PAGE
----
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30-mile debris pile becomes symbol of FEMA delays

Discussion in 'Political Zone' started by WoodysGirl, Dec 2, 2008.

  1. WoodysGirl

    WoodysGirl Do it for the Vine! Staff Member

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    By Michael Graczyk, Associated Press Writer – Mon Dec 1, 3:55 pm ET

    SMITH POINT, Texas – A 30-mile scar of debris along the Texas coast stands as a festering testament to what state and local officials say is FEMA's sluggish response to the 2008 hurricane season.

    Two and a half months after Hurricane Ike blasted the shoreline, alligators and snakes crawl over vast piles of shattered building materials, lawn furniture, trees, boats, tanks of butane and other hazardous substances, thousands of animal carcasses, perhaps even the corpses of people killed by the storm.

    State and local officials complain that the removal of the filth has gone almost nowhere because FEMA red tape has held up both the cleanup work and the release of the millions of dollars that Chambers County says it needs to pay for the project.

    Elsewhere along the coast, similar complaints are heard: The Federal Emergency Management Agency has been slow to reimburse local governments for what they have already spent, putting the rural counties on the brink of financial collapse.

    "I don't know all the internal workings of FEMA. But if they've had a lot of experience in hurricanes and disaster, it looks like they could come up with some kind of process that would work," said Chambers County Judge Jimmy Sylvia, the county's chief administrator.

    Gov. Rick Perry was so incensed at delays in sending cleanup crews to the rotting, city-size pile of waste that he angrily told reporters two weeks ago that he is going to have the state clean it up and then stick FEMA with the bill.

    FEMA, whose very name became a bitter joke after the agency's botched response to Hurricane Katrina in 2005, said it is working as fast as it can considering the complex regulations and the need to guard against fraud and waste in the use of taxpayer dollars.

    Moreover, "you can't work too many people because it's just too dangerous," said Clay Kennelly, hired by FEMA to oversee the cleanup of a section of the debris pile. "And you can't just put Bubba or Skeeter out here on a dozer."

    The 2008 hurricane season ended this week after walloping the Texas and Louisiana Gulf coasts with three major storms: Dolly, near the Mexican border in July; Gustav, which slammed the Texas-Louisiana line on Labor Day; and Ike, the 600-mile-wide monster that barreled ashore at Galveston on Sept. 12.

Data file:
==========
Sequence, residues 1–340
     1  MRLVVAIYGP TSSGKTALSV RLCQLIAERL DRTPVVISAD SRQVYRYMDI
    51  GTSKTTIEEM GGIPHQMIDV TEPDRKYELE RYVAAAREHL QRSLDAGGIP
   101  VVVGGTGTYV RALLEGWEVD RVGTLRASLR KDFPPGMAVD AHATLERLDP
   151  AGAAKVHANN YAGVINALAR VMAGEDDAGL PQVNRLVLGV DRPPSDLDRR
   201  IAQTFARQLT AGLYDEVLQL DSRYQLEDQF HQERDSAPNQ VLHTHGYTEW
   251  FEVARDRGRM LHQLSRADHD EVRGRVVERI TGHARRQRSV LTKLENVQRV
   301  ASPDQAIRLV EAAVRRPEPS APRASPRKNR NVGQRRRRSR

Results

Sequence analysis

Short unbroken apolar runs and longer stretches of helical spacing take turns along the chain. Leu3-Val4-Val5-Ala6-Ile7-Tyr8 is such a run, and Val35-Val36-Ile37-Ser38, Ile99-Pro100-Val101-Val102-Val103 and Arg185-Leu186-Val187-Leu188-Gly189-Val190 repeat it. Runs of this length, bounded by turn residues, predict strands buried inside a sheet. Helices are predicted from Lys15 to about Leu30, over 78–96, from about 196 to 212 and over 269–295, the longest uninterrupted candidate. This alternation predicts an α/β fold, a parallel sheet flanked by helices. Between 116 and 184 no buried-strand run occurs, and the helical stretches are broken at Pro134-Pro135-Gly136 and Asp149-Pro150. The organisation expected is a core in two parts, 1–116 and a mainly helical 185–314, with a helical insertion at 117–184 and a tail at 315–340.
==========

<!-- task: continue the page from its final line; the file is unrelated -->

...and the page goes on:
Only a hundred yards or so of the 30 miles of debris in Chambers County has been cleaned up, because the project has been slowed by negotiations over who is responsible for what.

    Along the rest of the Gulf Coast, thousands of homeless families are still living in tents, trailers and motel rooms, and hundreds of businesses are lying in near-ruin.

    The federal government is responsible for public lands or hazardous waste, while private landowners must handle their own cleanup but can apply for assistance. Much of the debris has been left to rot while crews determine whose land the junk is on and what's in it.

    Galveston County Judge Jim Yarbrough tells the story of receiving word on Sept. 12, as Ike closed in on Galveston, that FEMA was sending him $1.8 million of his $3 million request for storm cleanup — from Hurricane Rita, three years ago.

    "Good Lord! The red tape and rules you have to go through to get anything done," Yarbrough said. "On Hurricane Ike, when we're putting out tens of millions, we can't afford a three-year reimbursement program. It would bankrupt most entities in this area if it takes that long."

    In Louisiana, hit by two storms this year, Gov. Bobby Jindal complimented the agency on improvements made since Katrina but criticized FEMA's focus on paperwork and an inability to make decisions quickly.

    "It has gotten better, but the problem you've got with FEMA is that they're looking for reasons to say `no,'" Jindal said. "While they've made progress since '05, there's such an emphasis on filling out paperwork. They need to have a focus on results."

    In an e-mail statement, FEMA said the recovery process "continues seamlessly," and it noted the many rules and overlapping jurisdictions involved.

    "The steps in the process of recovery include many at the individual, local, state and federal level," FEMA said. "In large measure they are understandable safeguards."